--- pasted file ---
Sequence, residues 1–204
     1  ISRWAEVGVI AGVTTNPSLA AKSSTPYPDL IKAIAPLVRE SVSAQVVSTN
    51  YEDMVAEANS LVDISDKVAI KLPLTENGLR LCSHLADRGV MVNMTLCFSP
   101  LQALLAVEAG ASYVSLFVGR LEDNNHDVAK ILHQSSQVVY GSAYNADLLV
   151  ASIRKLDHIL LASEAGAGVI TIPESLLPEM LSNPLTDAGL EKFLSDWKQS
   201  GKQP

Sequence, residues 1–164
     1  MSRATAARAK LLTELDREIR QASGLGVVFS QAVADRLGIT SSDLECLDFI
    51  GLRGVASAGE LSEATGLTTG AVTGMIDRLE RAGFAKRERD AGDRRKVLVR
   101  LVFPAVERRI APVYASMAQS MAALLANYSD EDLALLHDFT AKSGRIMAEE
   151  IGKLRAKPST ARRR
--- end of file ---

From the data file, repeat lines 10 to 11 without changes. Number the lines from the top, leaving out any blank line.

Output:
   101  LVFPAVERRI APVYASMAQS MAALLANYSD EDLALLHDFT AKSGRIMAEE
   151  IGKLRAKPST ARRR